Motherhood, Apple Pie and Accountability

Author: James Western

Don’t all these terms express the same level of comfort and ease?

“One of these things is not like the other;

One of these things just doesn’t belong.

Can you tell which thing is not like the other;

Before I finish this song?”

Each of us can conceptualize the love, endearment and enjoyment that we feel when we hear the terms motherhood and apple pie based upon our life experiences. Yes, there are some unfortunate individuals whose experiences are diametrically opposite these feelings, but for the majority of people, hearing or contemplating either motherhood or apple pie initiates emotions and memories that are comforting and endearing.

I have never had anyone declare that the missing element of my life that will bring me joy and happiness is accountability. That seems so ridiculous that almost every person who would confront such a nonsensical claim would laugh hysterically at this inane statement. The reason being is that often times their experience with accountability is similar to those whose upbringing by their mother was dispositive or individuals who may be allergic to the materials that comprise apples, making them deeply ill when eaten. As such, hearing the word accountability recalls personal experiences that are punitive, discouraging and frustrating.

Let’s dive a little deeper to understand the dysfunctional causal factors that deter us from wanting to be held accountable, then address the functional approach that will bring us closer to motherhood and apple pie.

Angela Simmons is a digital media marketing specialist for Telamount Systems. Her role is to create online marketing to strengthen the brand of the organization, drive clients to their website and positively impact overall sales of their products and services.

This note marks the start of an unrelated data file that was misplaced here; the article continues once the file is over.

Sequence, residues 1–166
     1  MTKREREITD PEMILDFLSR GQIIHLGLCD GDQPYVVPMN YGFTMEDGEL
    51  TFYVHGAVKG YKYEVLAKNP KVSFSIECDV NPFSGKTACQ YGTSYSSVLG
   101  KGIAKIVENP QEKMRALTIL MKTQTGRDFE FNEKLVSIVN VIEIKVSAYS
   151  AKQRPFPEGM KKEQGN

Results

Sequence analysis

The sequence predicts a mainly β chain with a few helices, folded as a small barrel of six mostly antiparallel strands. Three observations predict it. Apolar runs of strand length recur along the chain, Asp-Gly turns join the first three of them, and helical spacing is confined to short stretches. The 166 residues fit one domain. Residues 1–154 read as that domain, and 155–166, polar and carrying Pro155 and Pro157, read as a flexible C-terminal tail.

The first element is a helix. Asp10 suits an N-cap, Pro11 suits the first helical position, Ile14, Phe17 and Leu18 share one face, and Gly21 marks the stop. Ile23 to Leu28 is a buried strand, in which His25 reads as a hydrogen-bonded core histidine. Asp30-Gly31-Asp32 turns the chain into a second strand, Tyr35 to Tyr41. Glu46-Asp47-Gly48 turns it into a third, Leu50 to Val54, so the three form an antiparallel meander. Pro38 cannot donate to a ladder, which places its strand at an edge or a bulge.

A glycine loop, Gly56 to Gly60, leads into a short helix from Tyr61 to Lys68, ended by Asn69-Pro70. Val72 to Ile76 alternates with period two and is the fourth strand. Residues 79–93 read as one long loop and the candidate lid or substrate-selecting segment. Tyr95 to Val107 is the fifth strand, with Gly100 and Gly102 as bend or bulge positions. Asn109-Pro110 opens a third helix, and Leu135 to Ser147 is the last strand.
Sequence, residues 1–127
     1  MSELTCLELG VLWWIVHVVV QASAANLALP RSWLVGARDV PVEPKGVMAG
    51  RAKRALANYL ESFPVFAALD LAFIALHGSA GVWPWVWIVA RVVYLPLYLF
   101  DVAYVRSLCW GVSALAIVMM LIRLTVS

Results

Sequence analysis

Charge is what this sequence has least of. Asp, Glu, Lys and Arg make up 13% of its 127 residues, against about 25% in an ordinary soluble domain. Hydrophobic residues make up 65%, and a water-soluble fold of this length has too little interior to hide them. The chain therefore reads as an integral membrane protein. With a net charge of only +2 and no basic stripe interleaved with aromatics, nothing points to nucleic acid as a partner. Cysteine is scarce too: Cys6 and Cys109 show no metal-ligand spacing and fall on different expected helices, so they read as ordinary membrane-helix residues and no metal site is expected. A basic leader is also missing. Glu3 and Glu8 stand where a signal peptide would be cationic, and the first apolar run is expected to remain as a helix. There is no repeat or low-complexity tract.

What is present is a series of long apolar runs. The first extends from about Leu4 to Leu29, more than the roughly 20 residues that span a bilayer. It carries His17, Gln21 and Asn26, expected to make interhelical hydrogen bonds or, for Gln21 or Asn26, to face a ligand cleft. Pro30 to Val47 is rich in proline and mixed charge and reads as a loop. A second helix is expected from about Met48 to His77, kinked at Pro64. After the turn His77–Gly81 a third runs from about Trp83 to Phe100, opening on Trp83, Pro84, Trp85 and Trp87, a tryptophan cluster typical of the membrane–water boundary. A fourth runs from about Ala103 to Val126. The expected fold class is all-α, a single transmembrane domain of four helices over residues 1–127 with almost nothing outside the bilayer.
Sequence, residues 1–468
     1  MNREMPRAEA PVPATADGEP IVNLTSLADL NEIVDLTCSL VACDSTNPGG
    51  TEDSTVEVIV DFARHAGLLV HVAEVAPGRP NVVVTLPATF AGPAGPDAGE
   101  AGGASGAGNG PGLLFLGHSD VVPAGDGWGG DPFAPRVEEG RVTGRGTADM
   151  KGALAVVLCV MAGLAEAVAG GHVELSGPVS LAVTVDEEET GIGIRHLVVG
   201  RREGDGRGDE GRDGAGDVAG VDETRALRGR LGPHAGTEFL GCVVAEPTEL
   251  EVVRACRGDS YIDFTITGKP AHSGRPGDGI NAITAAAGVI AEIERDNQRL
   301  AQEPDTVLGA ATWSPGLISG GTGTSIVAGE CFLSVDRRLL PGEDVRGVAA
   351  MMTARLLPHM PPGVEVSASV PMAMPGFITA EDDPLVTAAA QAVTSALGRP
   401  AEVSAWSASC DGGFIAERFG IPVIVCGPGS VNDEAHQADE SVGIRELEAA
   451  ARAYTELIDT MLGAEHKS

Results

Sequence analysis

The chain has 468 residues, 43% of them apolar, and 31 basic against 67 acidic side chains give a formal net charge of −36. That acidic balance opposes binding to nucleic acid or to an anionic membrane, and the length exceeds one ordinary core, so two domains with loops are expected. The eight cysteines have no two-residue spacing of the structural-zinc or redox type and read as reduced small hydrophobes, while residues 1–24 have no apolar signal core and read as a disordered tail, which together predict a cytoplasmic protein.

Her boss, Curtis Wellington, has let her know what key performance indicators (KPI’s) will validate her performance. He instituted these metrics himself given what he felt were the appropriate measures to ensure success, and then delivered them to her. Each week she is required to post her performance metrics on their intranet dashboard. If she hits the target numbers, no response comes from Curtis. If she misses them, he immediately asks her what happened and requires that she make up the difference by the end of the coming week, in addition to what is also required for that week. This causes her tremendous stress and pressure to execute perfectly such that he is not frustrated and disappointed.

Unfortunately, notwithstanding her best efforts, she missed her target KPIs for three weeks in a row, essentially hitting 79%, 86% and 87% of the required KPIs. Curtis was so frustrated that he told her that she needed to provide him a new plan of action that will effectively make-up for her missed KPIs over the next six weeks, without any change in her spending budget.

Sounds pretty familiar, doesn’t it? Does Curtis have the right to be disappointed in Angela? Yes! Does he have the right to require that she hit KPIs on a recurring basis? Yes! Does he have the right to demand that she develops a new strategic plan owing to the lack of targeted results? Yes! Given that Angela didn’t accomplish the KPI targets and that she reports to Curtis, she may be frustrated and discouraged, while Curtis may be disappointed and doubtful about her ability. I guess this scenario validates that accountability is not a warm and friendly term given their experience. Hmmm, well let’s consider one missing factor that underlies why Curtis’ and Angela’s accountability experience wasn’t positive. This comes down to the phrase mono-directional accountability, which is the common and standard approach in most organizations wherein each person has to account for their performance to the one in which they report, rather than each of them together being responsible for the results.